In the order they were decided, their 10 most significant decisions in this year's round-up are:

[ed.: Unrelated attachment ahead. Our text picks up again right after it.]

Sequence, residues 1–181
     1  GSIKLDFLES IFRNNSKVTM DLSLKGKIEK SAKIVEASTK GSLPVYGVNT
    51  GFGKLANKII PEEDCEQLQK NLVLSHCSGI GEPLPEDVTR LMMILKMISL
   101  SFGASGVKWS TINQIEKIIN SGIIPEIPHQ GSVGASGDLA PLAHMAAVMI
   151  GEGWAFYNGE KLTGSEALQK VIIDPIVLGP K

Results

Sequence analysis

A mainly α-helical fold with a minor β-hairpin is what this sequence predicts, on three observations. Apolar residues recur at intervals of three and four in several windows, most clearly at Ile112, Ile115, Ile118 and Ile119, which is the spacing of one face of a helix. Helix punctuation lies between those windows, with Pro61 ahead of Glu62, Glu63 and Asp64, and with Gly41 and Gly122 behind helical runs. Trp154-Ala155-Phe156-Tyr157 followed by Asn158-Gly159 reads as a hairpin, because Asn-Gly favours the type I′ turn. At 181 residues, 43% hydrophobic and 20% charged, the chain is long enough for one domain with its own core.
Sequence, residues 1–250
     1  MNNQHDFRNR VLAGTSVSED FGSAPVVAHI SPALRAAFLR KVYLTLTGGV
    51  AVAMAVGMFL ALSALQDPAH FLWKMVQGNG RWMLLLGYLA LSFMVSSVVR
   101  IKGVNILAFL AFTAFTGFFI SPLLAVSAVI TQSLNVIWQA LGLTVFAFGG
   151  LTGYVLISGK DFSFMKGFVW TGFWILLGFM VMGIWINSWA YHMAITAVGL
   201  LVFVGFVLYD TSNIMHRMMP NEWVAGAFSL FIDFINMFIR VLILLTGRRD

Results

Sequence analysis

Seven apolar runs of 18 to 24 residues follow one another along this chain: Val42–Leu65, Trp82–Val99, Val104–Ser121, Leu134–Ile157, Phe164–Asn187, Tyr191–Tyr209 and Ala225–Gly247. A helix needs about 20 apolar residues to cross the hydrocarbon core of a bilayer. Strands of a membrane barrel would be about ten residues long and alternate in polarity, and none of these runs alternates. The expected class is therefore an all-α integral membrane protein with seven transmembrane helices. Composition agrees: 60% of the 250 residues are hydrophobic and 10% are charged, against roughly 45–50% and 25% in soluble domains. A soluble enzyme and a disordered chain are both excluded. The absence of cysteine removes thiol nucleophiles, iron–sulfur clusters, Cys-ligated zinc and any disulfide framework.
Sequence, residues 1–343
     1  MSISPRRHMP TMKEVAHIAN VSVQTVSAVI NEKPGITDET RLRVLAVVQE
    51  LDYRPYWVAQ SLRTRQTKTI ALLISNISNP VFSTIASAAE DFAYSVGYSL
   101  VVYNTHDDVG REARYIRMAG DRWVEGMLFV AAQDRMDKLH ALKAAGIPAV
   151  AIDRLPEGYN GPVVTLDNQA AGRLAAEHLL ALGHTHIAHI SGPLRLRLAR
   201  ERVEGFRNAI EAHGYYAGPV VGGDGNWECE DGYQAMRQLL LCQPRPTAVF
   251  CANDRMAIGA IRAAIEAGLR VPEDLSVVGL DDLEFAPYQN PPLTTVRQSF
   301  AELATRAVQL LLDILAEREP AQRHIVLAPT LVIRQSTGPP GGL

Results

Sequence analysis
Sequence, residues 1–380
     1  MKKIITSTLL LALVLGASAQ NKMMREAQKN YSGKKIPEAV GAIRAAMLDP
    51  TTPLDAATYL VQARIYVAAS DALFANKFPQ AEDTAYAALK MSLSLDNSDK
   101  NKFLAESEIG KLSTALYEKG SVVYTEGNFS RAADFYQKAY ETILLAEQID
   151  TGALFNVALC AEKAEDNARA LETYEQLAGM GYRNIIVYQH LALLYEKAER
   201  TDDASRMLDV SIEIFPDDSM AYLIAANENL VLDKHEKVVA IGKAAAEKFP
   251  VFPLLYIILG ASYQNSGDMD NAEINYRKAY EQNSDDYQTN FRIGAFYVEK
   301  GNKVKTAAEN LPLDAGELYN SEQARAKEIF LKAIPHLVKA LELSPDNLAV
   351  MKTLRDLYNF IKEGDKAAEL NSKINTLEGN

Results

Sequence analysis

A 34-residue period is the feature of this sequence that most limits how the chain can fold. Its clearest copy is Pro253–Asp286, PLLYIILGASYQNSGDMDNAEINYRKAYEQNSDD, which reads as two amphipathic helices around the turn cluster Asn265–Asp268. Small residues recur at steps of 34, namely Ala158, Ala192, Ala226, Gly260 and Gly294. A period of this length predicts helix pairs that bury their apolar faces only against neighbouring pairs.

I appreciate Randy allowing me to republish their article here.D. Jere’ Webb v. Gittlen — Supreme Court of Arizona put the heat on insurance agents, making their E&O policies insurance of last resort. Supreme Court of Florida raised the temperature as well.Elacqua v. Physicians’ Reciprocal Insurers — New York Appellate Division: Tough medicine for insurer that failed to address an insured’s right to independent counsel. If the decision made it there, it can make it anywhere.Auto-Owners Insurance Company v. Pozzi Window Company — Supreme Court of Florida was a pane for general contractors seeking coverage under the “subcontractor exception” to the “your work” exclusion.Metropolitan Life Insurance Company v. Glenn — United States Supreme Court found dual-role ERISA claims administrators/insurers are presumed to have a conflict of interest, but left the impact of such a conflict “painfully opaque.”Allstate Insurance Company v. Wagner-Ellsworth — Supreme Court of Hannah Montana gave emotional injury a second identity — bodily injury. District of Columbia Court of Appeals did the same.Indian Harbor Insurance Company v. Valley Forge Insurance Group — Fifth Circuit: Valley Forge demonstrated how insurers can save a lot of Washingtons on additional insured claims.Ulico Casualty Company v. Allied Pilots Association — You can’t create coverage by cliché. Supreme Court of Texas explained what the common refrain about waiver and estoppel really means.Don’s Building Supply, Inc. v. OneBeacon Insurance Company — Supreme Court of Texas shot down the manifestation trigger for construction defect claims.Collins Holding Corporation v. Wausau Underwriters Insurance Company — Supreme Court of South Carolina provided a simple solution to the duty to defend conundrum for faux-negligence causes of action.Whole Enchilada, Inc. v. Travelers Property Casualty Company — Pennsylvania District Court took a bite out of FACTA litigation.